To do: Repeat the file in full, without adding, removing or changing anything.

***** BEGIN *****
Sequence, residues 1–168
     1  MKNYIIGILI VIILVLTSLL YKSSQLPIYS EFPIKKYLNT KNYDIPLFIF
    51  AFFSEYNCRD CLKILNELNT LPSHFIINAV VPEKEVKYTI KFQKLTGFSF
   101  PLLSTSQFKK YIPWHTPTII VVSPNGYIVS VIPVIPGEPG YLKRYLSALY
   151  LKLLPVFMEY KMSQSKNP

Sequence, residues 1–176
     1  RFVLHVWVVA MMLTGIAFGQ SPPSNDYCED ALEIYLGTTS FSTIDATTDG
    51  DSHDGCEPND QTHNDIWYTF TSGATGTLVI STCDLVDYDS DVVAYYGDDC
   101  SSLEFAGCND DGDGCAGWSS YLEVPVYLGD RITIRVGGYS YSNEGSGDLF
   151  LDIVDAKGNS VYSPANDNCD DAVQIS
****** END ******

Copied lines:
Sequence, residues 1–168
     1  MKNYIIGILI VIILVLTSLL YKSSQLPIYS EFPIKKYLNT KNYDIPLFIF
    51  AFFSEYNCRD CLKILNELNT LPSHFIINAV VPEKEVKYTI KFQKLTGFSF
   101  PLLSTSQFKK YIPWHTPTII VVSPNGYIVS VIPVIPGEPG YLKRYLSALY
   151  LKLLPVFMEY KMSQSKNP

Sequence, residues 1–176
     1  RFVLHVWVVA MMLTGIAFGQ SPPSNDYCED ALEIYLGTTS FSTIDATTDG
    51  DSHDGCEPND QTHNDIWYTF TSGATGTLVI STCDLVDYDS DVVAYYGDDC
   101  SSLEFAGCND DGDGCAGWSS YLEVPVYLGD RITIRVGGYS YSNEGSGDLF
   151  LDIVDAKGNS VYSPANDNCD DAVQIS